August 27, 2013

For First Time, Cornell Orientation Week Features Consent Ed Programming

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In between attending ice-breaker activities, information sessions and evening fairs, freshmen at Orientation Week this year did something recent classes did not their first week at Cornell: attend a mandatory event about consent and healthy relationships.

“Speak About It,” a troupe of actors who travel raising awareness of sexual violence, performed skits for first-year and transfer students.

“Probably most of the students there might not have been taking it as seriously as they should because they haven’t been in [a consent-related] situation like that before,” said Grant Mulitz ’17, one student who attended Speak About It’s presentation. “But there were definitely some people who had been in that situation, and it probably meant a lot to actually know that Cornell is looking out for and educating people with respect to those issues.”

“Speak About It” was announced in May, and according to E.E. Hou ’14, creative director of the Every1 Campaign — a student organization that addresses issues of sexual assault and consensual sex — the workshop conveyed the imporatance of consent in relationships, The Sun previously reported.

Aside from Speak About It, the Orientation Steering Committee welcomed the Class of 2017 and transfer students to Cornell with five days of academic and social events. These events will continue through the start of classes into Welcome Weekend, which consists of events such as picnics, movies and ClubFest, which will be held Sept. 7.

This year’s orientation centered on international and travel themes, titled “Where will Cornell take you?”, according to Sarah Jones, assistant dean for new student programs.

According to David Rosenwasser ’18, the orientation groups provided a good environment for meeting other new students.

Like previous years, “the way the orientation groups were set up with everyone in my group being from my college was a great opportunity to meet more students in a smaller setting,” Rosenwasser said.

The orientation groups also provided students with an orientation leader, who students say were helpful easing the transition to Cornell.

“My Orientation Leader led icebreaker activities that were a lot of fun and also made us a food map of places to eat around campus, which is really useful,” Samir Sherali ’17 said.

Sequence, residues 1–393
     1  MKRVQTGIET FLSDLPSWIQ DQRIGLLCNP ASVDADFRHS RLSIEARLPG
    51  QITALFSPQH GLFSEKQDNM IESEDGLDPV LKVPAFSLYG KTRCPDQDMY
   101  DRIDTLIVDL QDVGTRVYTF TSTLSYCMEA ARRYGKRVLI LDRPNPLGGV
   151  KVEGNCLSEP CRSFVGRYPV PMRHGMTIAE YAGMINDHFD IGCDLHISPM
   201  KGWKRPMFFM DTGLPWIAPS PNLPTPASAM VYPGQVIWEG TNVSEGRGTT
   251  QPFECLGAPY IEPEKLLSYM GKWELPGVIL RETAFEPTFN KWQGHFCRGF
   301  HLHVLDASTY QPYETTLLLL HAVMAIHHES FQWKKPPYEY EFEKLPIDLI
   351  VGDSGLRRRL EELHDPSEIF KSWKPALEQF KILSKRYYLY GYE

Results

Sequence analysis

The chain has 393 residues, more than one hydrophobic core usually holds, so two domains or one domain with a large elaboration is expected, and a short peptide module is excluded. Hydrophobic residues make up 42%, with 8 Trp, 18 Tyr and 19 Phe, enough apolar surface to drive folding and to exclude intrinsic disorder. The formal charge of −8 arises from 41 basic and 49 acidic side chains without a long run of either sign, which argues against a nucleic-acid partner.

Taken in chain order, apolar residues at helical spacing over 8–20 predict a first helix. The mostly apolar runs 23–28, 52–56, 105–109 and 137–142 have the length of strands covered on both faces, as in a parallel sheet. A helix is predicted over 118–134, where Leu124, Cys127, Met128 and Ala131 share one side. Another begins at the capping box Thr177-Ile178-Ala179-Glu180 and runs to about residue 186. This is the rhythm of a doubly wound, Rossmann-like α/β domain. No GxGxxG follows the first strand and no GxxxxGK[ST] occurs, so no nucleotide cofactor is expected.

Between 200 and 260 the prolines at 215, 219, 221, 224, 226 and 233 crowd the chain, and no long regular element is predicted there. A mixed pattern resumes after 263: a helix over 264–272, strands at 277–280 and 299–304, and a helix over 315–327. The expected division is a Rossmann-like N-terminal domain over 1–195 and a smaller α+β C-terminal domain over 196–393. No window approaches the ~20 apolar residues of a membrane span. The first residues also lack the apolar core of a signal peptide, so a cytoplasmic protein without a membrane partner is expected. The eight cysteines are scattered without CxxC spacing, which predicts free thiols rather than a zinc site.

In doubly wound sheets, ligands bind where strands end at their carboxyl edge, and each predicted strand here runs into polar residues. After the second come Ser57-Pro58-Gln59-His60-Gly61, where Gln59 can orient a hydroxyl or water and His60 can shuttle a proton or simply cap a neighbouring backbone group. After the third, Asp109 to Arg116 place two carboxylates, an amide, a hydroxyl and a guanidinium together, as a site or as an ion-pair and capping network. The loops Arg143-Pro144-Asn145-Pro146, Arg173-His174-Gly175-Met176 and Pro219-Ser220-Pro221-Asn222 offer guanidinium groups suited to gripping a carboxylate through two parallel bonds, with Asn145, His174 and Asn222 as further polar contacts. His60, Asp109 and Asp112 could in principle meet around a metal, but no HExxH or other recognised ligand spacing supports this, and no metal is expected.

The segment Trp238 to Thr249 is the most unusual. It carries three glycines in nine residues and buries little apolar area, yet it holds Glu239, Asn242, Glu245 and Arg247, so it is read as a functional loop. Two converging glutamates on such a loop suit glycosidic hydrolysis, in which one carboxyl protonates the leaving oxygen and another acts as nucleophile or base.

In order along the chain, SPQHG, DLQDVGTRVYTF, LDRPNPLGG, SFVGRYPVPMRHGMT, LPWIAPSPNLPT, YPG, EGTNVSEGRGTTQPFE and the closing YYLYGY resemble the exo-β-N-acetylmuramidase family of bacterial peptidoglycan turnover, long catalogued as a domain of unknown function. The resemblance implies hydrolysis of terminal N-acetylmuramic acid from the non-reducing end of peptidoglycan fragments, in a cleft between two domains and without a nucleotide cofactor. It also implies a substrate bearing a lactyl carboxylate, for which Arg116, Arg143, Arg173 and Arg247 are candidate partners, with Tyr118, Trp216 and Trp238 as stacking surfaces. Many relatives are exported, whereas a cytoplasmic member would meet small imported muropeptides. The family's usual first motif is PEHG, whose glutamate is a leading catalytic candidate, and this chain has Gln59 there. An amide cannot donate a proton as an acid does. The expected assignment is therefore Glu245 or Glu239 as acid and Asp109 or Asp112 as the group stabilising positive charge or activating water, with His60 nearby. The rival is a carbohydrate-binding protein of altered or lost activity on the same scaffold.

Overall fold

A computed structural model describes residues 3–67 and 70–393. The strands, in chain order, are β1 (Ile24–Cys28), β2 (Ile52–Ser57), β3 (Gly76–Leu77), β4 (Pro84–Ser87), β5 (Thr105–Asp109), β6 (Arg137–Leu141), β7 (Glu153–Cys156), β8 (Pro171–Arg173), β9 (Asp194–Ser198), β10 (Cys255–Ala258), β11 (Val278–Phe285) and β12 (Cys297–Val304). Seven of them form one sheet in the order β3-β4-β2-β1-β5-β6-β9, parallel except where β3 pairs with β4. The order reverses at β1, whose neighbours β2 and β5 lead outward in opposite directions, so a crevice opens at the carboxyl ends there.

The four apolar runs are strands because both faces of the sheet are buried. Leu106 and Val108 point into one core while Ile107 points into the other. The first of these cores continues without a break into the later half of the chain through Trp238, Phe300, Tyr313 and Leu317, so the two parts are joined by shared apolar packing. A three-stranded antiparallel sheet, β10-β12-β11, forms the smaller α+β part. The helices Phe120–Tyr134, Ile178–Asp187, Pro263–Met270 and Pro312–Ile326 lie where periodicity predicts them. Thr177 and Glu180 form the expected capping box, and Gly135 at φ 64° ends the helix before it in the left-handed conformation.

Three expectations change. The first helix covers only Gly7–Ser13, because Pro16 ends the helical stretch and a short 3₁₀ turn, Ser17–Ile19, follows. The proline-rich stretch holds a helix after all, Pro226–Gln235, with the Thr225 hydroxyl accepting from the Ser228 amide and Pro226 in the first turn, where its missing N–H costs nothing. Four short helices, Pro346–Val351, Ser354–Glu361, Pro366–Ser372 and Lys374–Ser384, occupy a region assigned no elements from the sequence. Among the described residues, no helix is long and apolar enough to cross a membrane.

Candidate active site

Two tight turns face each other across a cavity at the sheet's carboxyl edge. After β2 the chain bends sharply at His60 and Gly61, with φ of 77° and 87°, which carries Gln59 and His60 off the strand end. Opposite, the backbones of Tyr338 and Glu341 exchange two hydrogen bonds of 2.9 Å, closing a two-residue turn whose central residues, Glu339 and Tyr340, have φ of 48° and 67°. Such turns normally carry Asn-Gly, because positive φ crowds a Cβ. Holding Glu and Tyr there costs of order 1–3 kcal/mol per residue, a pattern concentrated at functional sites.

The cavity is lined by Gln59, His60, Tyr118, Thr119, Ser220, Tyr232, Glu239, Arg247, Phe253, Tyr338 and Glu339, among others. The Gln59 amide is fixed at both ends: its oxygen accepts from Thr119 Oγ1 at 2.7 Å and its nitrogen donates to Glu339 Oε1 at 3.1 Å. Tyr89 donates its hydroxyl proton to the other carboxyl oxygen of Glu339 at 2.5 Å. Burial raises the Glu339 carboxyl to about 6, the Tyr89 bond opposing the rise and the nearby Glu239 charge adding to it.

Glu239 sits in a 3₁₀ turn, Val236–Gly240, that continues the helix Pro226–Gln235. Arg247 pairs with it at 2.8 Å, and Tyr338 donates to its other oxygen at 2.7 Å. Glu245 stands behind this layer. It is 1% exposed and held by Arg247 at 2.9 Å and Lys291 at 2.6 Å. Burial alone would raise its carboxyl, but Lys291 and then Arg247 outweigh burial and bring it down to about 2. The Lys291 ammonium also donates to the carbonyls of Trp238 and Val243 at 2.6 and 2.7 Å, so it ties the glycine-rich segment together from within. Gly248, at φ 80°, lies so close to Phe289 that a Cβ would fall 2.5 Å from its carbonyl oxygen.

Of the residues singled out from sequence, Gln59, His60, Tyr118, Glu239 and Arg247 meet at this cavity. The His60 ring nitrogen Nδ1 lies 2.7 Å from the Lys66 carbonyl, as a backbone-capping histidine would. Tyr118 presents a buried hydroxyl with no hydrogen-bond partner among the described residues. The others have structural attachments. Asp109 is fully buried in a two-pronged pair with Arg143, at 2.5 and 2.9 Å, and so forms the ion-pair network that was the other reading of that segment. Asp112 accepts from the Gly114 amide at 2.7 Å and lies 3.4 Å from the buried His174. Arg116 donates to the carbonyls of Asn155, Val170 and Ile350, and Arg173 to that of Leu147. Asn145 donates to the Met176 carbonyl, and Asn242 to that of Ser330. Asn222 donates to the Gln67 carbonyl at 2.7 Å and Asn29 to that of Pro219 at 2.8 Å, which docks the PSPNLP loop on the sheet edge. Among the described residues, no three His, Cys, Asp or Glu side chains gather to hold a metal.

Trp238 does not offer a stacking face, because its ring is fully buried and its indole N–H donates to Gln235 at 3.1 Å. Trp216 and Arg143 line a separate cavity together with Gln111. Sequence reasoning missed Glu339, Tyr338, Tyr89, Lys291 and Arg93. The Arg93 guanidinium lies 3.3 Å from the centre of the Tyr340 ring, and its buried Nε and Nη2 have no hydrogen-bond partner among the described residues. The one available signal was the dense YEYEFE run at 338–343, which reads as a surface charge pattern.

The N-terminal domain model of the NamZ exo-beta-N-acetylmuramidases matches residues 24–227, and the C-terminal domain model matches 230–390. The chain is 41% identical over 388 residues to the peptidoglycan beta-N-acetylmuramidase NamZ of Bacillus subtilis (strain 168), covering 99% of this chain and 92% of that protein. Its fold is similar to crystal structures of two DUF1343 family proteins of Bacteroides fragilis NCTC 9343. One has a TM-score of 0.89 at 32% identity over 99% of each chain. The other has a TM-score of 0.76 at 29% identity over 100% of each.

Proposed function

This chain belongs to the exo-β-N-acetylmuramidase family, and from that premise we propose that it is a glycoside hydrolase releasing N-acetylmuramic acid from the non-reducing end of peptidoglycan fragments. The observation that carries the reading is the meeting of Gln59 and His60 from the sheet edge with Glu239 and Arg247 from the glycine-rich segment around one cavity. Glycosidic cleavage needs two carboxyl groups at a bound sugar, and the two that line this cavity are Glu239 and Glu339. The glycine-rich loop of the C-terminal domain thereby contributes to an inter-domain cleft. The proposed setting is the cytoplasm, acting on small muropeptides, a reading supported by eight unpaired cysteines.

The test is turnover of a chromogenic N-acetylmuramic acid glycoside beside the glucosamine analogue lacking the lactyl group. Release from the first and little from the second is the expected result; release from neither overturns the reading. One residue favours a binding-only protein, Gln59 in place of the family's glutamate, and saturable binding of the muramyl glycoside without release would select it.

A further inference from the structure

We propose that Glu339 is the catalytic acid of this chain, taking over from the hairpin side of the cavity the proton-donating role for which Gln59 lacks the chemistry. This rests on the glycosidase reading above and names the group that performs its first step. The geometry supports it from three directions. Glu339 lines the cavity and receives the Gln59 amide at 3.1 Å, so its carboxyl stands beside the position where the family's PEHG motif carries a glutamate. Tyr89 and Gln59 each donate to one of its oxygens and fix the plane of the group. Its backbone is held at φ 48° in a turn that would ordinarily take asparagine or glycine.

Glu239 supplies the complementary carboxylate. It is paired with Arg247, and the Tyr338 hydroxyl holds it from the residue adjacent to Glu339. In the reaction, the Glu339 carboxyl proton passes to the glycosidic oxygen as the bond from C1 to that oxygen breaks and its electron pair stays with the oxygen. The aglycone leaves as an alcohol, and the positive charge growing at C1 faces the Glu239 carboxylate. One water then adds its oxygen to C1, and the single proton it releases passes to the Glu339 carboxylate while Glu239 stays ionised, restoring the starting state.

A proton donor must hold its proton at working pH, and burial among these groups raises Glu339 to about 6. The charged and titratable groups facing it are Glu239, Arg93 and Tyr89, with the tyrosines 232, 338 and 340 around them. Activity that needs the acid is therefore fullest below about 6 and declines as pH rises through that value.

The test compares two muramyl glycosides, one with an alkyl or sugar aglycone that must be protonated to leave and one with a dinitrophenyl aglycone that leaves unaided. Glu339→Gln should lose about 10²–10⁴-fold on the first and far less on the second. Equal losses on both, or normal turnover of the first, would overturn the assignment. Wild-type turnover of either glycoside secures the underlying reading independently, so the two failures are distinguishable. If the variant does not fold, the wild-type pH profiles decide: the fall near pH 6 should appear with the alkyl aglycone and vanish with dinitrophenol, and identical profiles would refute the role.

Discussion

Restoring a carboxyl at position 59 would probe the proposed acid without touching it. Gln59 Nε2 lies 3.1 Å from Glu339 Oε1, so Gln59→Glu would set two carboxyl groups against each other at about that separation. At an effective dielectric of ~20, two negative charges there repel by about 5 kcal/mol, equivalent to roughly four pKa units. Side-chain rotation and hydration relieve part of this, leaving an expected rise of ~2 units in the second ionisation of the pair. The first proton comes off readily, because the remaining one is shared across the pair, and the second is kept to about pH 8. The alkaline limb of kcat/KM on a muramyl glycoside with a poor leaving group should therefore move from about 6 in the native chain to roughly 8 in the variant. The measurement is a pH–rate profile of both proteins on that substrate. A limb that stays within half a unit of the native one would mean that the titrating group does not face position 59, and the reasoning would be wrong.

In addition to orientation group activities, both required and non-mandatory events had high rates of attendance, Jones said.

According to Cornell University Police estimates, Convocation had approximately 9,500 people in attendance, while 3,400 attended Cornell Essentials — where students could hear from upper-class students and alumni about transitioning to Cornell. Two thousand eight hundred of the 3,282 students in the Class of 2017 attended First Night activities on the Court-Kay-Bauer quad.

OSC members also focused on improving the experience for transfer students, according to Jones. These programs included paintball, trivia night, ice skating and a casino night, among other events.

In addition to activities with his orientation group, Sherali said he enjoyed magician Tim Gabrielson’s Saturday performance after the Great Migration — an annual tradition where new students walk from North Campus to Barton Hall for a performance.

“He got the crowd involved, and the entire performance was fun. He called people up and would do tricks with them while making jokes,” Sherali said.

The performance had a large turnout and provided freshman with an option other than going to parties, according to Sherali.

“Barton Hall was pretty full. It seemed like everyone who didn’t go to Collegetown was there,” Sherali said.

According to Jones, both the performance by Black Violins and the Silent Disco on the Arts Quad were well-attended and well-received.

Another goal of Orientation Week programming is to introduce students to Cornell’s academic community and community in general.

Rosenwasser said the programming was “much better executed” than expected.

“It was nicely done, not obnoxious, and less cliché than it could have been,” Rosenwasser said. “No one seemed to mind spending an hour there, even though it was mandatory.”

Dara Levy contributed reporting.

Rachel Weber is a news writer for The Sun. You can email her at [email protected].

Original Author: Rachel Weber